Fill 'er Up

According to the latest research from Mintel, introductions of foods and drinks making a high protein claim are almost three times higher in the US than anywhere else in the world, accounting for 19% of global new product launches in 2012. High protein foods are one of the most sought after nutritional choices among American consumers to meet needs from balancing diet, building muscle and weight loss, says the report.

This makes the US the biggest market by far for high protein products, as India and the UK follow with 9% and 7% respectively of new food and drink launches with high protein claims in 2012.

Nirvana Chapman, Global Food Science Trend Analyst at Mintel, said:

“Protein awareness is higher and more sought after by US consumers than elsewhere in the world... opportunity for value brands to add cost effective protein to products to entice a larger consumer segment... Americans are looking for protein to aid in satiety, weight management and to boost muscle recovery and build muscle after a workout... appealing to a broad audience in a great number of usage occasions... ”

Foods making high protein claims span a wide array of categories, well beyond naturally protein rich foods such as meat, poultry, and fish. Snacks, for example, dominate the category, accounting for 20% of the high protein food and drink new product launches in the US in 2012, followed by meal replacement and other fortified drinks (17%) and spoonable yogurt (15%).

The study also finds that demand for high protein products is also coming from consumers who are avoiding animal sources of protein for either health, environmental, or ethical reasons. Products launched in the US with both a high protein and vegan claim have shown a steady increase since 2008, posting 54% growth in the past five years.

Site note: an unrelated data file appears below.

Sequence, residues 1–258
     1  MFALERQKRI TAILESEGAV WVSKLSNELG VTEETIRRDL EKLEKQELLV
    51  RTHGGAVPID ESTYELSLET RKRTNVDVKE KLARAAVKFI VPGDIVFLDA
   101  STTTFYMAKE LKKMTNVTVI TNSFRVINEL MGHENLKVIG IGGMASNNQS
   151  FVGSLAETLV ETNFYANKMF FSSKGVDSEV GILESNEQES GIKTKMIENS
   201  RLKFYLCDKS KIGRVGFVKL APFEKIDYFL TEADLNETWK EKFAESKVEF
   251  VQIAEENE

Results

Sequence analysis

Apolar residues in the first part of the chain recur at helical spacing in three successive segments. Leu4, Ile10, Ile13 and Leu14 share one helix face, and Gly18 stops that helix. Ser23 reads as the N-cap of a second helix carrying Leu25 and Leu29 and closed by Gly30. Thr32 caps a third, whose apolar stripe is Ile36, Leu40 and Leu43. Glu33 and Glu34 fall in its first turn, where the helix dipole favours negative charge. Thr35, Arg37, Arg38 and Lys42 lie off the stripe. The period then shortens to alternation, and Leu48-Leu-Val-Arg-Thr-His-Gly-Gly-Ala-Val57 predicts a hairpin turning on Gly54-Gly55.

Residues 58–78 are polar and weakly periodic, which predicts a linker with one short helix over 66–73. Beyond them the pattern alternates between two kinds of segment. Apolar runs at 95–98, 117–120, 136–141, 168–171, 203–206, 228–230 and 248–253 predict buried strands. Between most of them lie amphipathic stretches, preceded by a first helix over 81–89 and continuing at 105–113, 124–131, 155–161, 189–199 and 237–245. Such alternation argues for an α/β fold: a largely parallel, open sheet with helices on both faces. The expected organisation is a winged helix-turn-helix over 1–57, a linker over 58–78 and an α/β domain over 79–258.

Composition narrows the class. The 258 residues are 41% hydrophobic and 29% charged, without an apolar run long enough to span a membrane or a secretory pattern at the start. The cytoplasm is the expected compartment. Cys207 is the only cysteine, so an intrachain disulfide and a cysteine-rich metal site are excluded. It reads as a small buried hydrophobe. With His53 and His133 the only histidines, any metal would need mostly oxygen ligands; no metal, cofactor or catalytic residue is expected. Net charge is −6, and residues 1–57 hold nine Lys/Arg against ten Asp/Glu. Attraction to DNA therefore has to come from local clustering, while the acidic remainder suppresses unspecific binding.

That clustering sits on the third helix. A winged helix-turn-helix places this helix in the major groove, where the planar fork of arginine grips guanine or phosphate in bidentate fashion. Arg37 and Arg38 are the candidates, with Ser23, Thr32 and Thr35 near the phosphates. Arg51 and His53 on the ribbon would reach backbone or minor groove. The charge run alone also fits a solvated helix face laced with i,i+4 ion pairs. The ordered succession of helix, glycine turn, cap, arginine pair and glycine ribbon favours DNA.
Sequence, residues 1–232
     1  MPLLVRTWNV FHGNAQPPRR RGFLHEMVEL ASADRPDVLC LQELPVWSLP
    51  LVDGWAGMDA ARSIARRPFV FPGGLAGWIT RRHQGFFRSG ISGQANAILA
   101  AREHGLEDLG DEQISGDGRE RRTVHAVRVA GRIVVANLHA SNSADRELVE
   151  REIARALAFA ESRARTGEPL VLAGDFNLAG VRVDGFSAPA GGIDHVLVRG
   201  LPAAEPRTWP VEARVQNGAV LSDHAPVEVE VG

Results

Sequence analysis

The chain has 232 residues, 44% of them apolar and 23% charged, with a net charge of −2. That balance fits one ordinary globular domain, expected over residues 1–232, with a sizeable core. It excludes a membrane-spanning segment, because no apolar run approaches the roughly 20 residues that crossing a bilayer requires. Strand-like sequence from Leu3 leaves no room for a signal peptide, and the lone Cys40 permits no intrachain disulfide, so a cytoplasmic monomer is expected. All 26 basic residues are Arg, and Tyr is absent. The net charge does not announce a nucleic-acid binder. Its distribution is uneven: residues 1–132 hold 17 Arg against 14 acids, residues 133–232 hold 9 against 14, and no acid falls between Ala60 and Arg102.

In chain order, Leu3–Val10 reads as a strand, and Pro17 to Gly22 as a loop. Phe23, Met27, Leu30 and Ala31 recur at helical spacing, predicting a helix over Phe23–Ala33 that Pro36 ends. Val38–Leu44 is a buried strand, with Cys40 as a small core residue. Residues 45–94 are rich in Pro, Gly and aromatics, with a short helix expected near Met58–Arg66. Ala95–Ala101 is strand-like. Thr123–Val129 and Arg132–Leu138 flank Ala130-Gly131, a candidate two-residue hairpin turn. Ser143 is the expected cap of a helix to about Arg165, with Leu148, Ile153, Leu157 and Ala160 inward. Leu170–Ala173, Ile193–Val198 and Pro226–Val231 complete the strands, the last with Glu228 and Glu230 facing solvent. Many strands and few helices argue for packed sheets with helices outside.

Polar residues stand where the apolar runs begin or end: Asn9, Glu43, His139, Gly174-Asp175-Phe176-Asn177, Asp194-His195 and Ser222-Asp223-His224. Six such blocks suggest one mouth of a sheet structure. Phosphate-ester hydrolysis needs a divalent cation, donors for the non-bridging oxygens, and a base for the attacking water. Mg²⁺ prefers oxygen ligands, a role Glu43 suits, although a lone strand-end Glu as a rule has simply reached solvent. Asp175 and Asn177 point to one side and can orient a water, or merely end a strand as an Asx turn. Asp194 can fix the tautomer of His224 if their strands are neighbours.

Moreover, high protein products can offer significant advantages to sports beverage formulations, due to proteins’ attributes of enhancing muscle growth and repair after exercise. According to Mintel, protein use in meal replacement and sports beverages making high protein claims posted a 37% growth in the past five years.

The market is supported by a large number of US consumers who are actively seeking high protein products when selecting which meal-replacement products to buy, with 46% of all meal-replacement users in the US stating that high-protein is a very important selection attribute. Renowned for keeping you feeling full for longer, 87% of US consumers indicated satiety as an important food attribute for them when choosing products.

Nirvana Chapman goes on to say “A ‘Satiety Index’ (SI) is often used to measure the hunger-fighting power of certain foods. Foods with a high-SI leave people more satisfied after eating and ensure that they are likely to eat less for hours after. Protein in particular has been shown to have a positive effect on subjective satiety, with whey protein in particular having demonstrated a functional role in weight management and satiety. High-satiety products are likely to continue to grow, with meals and soups integrating high protein content being the ideal categories for growth.”

Globally, the percentage of food and drink products launched with a slimming claim in the past five years, that include whey protein, are trending upwards. In new product launches with a slimming claim, the research shows triple digit growth, up 140% between 2008 and 2012 globally.

The report concludes that manufacturers can capitalize on the upward trend towards products that combine whey protein, peptides, and calcium for weight loss. This trend is growing worldwide, with countries launching products claiming high protein, and European examples of consumers seeking high protein products.


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